Rescuing a cherished memory from the trash pile

If you’ve visited my YouTube channel, you know I love preserving history, particularly when it involves Chattanooga broadcasting.  It saddens me that so many classic pictures, videos and audio tapes have been thrown out by people who just “clean house” without any thought of history.  That almost happened with the video you’re about to see.  I spotted a videotape in a box that was dumpster-bound, and hijacked it just long enough to find a hidden treasure.

I can’t remember what it was on the label that caught my eye, but I popped it into the machine looking for one thing, and found something else.  Here’s the story:

I’m sure some folks still remember Vakhtang Jordania.  The charismatic conductor led the Chattanooga Symphony from 1985 until 1992.  To say he led an interesting life would be an understatement.  Before defecting from the Soviet Union, the classically trained pianist toured the USSR conducting more than 100 concerts a year. In 1983, at the age of 40, he made his move with the help of a Finnish journalist who drove him to Sweden, found the American embassy and boarded a plane to Washington, D.C., with a visa in his pocket.  Soon, he made his American debut at Carnegie Hall in New York City.  His newfound fame took him around the nation and all over the world, but after two years of travel, he was ready to settle down and Chattanooga needed a musical director.  It was a good match.

With his considerable talent and charm, he eagerly promoted the Chattanooga Symphony, attracting new followers each year.  Some described him as a Russian Sean Connery, high praise indeed.  Eventually he left Chattanooga for a similar position in Spokane, Washington.  Later in his career, he settled in Virginia and even returned for a while to post-communist Russia, where he was welcomed with open arms.  Sadly, in late 2005 he died of cancer at the age of 62.  He was survived by his wife, and four children.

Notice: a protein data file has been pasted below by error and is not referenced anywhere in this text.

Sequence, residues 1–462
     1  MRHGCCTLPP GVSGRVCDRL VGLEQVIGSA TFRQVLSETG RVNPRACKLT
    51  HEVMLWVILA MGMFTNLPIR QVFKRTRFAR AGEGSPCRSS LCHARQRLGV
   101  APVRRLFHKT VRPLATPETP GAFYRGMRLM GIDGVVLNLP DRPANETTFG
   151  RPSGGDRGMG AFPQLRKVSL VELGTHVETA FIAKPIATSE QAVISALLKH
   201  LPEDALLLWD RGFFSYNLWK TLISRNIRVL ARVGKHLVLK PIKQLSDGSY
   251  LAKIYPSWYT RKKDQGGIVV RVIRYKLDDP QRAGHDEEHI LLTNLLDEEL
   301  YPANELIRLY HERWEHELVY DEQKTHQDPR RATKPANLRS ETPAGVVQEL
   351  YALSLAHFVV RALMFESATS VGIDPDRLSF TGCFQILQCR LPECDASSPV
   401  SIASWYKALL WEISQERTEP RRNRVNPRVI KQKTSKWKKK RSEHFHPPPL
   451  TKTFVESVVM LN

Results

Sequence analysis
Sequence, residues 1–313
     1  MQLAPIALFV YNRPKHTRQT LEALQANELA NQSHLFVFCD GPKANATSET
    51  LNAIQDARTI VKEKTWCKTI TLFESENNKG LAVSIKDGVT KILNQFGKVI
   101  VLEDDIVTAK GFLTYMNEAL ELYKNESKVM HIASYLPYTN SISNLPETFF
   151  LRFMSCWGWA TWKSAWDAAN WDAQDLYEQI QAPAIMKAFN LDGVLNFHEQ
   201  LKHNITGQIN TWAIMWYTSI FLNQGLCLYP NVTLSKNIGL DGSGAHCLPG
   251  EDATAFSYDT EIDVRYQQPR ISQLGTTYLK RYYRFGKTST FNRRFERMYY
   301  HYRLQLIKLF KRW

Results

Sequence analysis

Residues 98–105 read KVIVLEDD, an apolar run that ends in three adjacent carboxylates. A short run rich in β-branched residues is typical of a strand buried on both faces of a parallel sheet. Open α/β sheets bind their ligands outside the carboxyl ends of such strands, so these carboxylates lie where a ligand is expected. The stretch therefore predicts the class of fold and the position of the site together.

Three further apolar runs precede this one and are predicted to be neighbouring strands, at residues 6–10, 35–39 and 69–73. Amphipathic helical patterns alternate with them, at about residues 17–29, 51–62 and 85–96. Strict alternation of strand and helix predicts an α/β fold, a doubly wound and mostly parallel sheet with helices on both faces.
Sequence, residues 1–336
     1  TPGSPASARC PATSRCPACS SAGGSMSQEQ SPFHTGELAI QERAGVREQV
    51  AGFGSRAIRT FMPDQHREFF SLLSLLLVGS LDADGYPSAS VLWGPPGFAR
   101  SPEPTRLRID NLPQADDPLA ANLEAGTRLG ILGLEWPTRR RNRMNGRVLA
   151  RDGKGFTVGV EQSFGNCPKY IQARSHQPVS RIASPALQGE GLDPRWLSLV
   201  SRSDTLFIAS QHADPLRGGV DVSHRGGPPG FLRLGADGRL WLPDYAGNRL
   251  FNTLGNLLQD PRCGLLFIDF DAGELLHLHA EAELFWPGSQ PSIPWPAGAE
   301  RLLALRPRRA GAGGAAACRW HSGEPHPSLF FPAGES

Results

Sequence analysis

So, getting back to that tape I salvaged from the trash.  I found the raw news footage of an airport reunion, filmed in Chattanooga in March 1989.  I recognized the WRCB reporter, Mary Kate Wells.  The other familiar face was that of Vakhtang Jordania.  He was accompanied by his father, who spoke no English.  Soon after disembarking the plane with his dad, Vakhtang embraced his wife Kimberly, and their baby girl, then about a year old.  His elderly father was embraced by his wife, Vakhtang’s mother, who was here in the US, for reasons then unbeknownst to me.

As you’ll see in the video, there are some hugs, lots of smiles, and a sweet interview with Vakhtang   Still, I didn’t really understand what it was all about, and because I either didn’t remember, or never knew the full story.  What are the odds, I thought, that I can find Vakhtang’s baby girl, 25 years later?  The family had moved away from Chattanooga in 1992.  Where could this twenty-something young lady be today?  Anywhere in the world.